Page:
Local Roads and Bridges
For local roads and bridges, investments have been made in 786 projects representing $147 million or 18 percent of all GTF dollars. Investments in local roads and bridges are, to an overwhelming degree, directed toward the rehabilitation and renewal of existing roads. Very little in Gas Tax Funds is being used to build new roads, but rather to repair existing roads.
Active transportation including cycling and walking paths, and sidewalks is a significant sub-investment area ($7.7 million) of the local roads and bridges category representing much of the new investments nationally.
Investment trends also show that while larger municipalities opt to invest in public transit, Canada's smaller urban (under 500,000) and rural centres invest in roads.
While the parameters of the GTF program favour investment in transit, the GTF supports investments in road and bridge infrastructure to minimize environmental impacts, improve efficiency and encourage the development of active transportation. Given the Canadian economy's dependency on a seamless flow of people, goods and services through efficient transportation systems, the GTF's flexibility has provided for a balance between addressing local infrastructure needs and national sustainability outcomes.
In this category, 99 projects represent $43 million or 5 percent of total GTF investments. But, unlike any other category, the majority of investments go toward new projects versus the renewal of existing systems, with waste diversion and recycling as a growing focus. Despite this trend, landfill site restoration is also a common project area.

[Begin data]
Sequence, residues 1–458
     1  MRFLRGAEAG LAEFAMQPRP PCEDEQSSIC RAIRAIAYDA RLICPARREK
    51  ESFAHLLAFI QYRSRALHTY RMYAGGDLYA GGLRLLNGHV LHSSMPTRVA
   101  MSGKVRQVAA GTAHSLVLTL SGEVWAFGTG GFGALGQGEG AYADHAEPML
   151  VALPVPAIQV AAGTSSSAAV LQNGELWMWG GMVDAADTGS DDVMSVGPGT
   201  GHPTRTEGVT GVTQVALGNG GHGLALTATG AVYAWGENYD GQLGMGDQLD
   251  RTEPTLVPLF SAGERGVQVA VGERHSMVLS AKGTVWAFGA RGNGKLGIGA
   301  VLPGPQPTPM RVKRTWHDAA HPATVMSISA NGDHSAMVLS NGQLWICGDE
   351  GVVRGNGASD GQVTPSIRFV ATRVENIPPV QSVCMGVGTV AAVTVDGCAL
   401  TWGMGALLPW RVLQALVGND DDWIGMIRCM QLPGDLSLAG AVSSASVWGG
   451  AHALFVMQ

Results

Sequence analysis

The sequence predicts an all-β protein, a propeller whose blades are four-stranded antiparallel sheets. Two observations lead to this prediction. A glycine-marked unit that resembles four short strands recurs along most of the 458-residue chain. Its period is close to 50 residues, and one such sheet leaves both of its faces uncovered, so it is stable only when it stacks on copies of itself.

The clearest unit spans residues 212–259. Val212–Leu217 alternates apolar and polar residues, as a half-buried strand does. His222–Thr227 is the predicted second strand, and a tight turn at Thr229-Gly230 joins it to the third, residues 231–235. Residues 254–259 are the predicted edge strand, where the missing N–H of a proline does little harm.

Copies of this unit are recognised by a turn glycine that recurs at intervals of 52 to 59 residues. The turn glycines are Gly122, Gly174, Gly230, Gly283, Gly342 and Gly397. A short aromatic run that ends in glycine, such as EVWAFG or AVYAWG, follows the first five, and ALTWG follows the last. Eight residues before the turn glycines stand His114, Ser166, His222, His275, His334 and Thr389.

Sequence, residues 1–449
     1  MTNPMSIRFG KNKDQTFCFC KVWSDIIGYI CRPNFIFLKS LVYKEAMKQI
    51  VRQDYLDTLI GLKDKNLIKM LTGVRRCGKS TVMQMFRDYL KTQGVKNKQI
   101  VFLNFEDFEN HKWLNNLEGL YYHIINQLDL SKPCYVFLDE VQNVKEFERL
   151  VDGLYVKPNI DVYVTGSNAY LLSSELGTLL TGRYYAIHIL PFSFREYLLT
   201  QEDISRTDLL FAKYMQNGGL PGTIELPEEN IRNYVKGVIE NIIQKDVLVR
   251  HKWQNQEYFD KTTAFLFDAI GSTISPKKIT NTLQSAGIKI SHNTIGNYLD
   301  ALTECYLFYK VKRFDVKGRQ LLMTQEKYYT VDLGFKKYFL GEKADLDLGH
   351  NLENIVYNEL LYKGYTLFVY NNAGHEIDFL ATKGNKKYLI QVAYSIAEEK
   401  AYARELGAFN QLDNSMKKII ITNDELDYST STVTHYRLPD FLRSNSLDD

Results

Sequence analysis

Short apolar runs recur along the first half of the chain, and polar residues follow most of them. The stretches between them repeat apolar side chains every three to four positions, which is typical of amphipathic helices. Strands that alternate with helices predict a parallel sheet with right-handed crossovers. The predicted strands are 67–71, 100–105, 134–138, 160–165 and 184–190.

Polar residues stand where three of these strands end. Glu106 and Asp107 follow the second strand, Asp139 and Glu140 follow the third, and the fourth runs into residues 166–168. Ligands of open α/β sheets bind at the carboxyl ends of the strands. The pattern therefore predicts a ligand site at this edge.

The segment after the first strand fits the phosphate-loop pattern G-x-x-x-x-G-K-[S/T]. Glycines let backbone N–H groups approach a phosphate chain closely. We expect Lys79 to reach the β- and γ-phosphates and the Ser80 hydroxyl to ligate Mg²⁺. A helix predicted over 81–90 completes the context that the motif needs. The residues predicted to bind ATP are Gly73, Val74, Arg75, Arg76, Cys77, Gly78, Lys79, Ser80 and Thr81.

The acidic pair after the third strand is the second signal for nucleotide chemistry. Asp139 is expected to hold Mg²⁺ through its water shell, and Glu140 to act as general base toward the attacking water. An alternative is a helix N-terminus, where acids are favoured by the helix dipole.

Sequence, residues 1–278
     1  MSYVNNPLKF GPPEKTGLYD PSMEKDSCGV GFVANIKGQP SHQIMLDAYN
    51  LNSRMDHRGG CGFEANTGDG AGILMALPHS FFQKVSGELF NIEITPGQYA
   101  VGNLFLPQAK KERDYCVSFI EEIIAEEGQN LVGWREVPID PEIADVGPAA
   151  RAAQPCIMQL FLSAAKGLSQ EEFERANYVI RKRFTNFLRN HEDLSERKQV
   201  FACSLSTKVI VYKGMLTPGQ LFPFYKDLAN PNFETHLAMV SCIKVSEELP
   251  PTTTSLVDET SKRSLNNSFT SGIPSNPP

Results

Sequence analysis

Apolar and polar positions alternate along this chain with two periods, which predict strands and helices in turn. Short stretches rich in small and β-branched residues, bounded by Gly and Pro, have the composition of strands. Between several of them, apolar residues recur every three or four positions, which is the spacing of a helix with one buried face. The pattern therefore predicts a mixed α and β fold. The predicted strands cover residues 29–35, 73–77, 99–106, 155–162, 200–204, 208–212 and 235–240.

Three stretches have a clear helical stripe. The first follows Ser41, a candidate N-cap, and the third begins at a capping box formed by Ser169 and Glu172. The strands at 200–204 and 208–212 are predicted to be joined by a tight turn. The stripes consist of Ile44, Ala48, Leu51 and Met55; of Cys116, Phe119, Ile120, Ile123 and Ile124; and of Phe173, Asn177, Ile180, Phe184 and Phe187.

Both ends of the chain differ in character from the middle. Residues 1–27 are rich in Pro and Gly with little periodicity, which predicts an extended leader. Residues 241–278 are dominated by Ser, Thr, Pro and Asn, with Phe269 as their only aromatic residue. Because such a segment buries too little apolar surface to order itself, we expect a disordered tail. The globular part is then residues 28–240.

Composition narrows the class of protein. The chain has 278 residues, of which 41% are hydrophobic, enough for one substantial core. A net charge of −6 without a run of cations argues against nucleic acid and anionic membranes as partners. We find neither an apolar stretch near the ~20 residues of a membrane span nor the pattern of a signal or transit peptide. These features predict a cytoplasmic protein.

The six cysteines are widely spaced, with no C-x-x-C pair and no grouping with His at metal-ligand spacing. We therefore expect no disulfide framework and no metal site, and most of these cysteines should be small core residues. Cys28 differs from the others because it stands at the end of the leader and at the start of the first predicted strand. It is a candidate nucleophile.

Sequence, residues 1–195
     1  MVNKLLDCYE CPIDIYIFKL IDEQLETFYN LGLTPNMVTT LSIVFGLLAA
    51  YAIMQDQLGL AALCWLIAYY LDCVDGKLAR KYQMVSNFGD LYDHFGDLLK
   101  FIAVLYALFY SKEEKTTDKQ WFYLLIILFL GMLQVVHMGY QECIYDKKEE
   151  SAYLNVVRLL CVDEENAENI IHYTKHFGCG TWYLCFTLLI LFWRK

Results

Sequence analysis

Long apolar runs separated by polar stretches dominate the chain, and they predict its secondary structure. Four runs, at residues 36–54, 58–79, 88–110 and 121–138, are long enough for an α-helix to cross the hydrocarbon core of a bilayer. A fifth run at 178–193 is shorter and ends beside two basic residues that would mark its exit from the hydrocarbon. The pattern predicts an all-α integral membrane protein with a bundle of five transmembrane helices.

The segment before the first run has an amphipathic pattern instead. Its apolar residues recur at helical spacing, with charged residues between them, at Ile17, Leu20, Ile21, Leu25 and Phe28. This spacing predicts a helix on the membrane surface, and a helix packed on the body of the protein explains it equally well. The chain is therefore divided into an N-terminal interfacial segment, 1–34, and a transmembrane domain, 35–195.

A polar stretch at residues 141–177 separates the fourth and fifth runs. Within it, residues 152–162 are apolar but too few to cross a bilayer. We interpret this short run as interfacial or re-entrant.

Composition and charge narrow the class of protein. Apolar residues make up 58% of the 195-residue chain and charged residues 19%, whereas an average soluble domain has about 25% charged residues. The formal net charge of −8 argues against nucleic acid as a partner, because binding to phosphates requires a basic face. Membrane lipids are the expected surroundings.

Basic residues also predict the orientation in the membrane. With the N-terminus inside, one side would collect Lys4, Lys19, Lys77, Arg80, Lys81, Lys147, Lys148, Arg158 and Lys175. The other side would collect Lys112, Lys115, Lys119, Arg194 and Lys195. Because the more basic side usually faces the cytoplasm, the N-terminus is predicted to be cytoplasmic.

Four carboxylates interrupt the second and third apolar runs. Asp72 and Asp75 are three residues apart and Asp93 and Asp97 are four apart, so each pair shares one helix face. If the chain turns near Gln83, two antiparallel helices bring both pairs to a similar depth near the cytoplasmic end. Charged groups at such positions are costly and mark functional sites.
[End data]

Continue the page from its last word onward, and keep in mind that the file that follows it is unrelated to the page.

The landfills, which are faced with increased amounts of solid waste, pose numerous environmental threats. Poorly managed sites can contain high levels of toxic chemicals that may leak into the surrounding environment including water sources. Landfills are also a source of methane — a greenhouse gas — and other types of air pollutants.
GTF dollars are put to work to reduce the quantity of waste going to landfills and improve the processing of solid waste to reduce environmental impacts. Some innovative projects also include processes to transform waste into useful products and energy.
Community Energy Systems
The 116 projects in community energy represent $11 million or one percent of total GTF investments. As with other categories (except solid waste), community energy focuses on renewal projects, with the vast majority of investments going toward energy conservation projects and building retrofits. Energy generation, for the most part, is represented by two or three large projects in wind and solar energy.
While modest in comparison with other GTF investments, community energy is important in Canada's efforts to increase the clean energy supply and conserve existing energy systems to improve air quality and reduce greenhouse gas emissions.
Capacity building is an eligible category under the GTF that provides financial support to communities in the development of their long-term planning. Capacity building has been instrumental in allowing municipalities to develop their integrated community sustainability plans (ICSPs). In addition, this category provides municipalities with "seed money" to support infrastructure projects that require research and partnership development.
Although this category is one of the smallest investment areas, investments have been made in 127 projects, representing $6.9 million or one percent of total GTF dollars. To date, much of the capacity building funding has been used for studies and background research for specific projects within core investment areas; however, a growing number of small and remote municipalities are accessing funds for the development of ICSPs.